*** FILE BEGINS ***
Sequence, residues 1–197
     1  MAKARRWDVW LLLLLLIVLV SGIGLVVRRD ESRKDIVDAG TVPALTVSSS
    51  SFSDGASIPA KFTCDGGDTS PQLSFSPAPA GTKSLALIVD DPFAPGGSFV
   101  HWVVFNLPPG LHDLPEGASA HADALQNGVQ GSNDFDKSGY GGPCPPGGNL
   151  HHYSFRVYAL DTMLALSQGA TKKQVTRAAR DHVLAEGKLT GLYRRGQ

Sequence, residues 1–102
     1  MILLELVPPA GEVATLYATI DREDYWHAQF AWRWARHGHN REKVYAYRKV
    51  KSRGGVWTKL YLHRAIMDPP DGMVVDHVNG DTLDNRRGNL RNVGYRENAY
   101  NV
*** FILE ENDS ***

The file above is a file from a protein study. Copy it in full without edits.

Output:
Sequence, residues 1–197
     1  MAKARRWDVW LLLLLLIVLV SGIGLVVRRD ESRKDIVDAG TVPALTVSSS
    51  SFSDGASIPA KFTCDGGDTS PQLSFSPAPA GTKSLALIVD DPFAPGGSFV
   101  HWVVFNLPPG LHDLPEGASA HADALQNGVQ GSNDFDKSGY GGPCPPGGNL
   151  HHYSFRVYAL DTMLALSQGA TKKQVTRAAR DHVLAEGKLT GLYRRGQ

Sequence, residues 1–102
     1  MILLELVPPA GEVATLYATI DREDYWHAQF AWRWARHGHN REKVYAYRKV
    51  KSRGGVWTKL YLHRAIMDPP DGMVVDHVNG DTLDNRRGNL RNVGYRENAY
   101  NV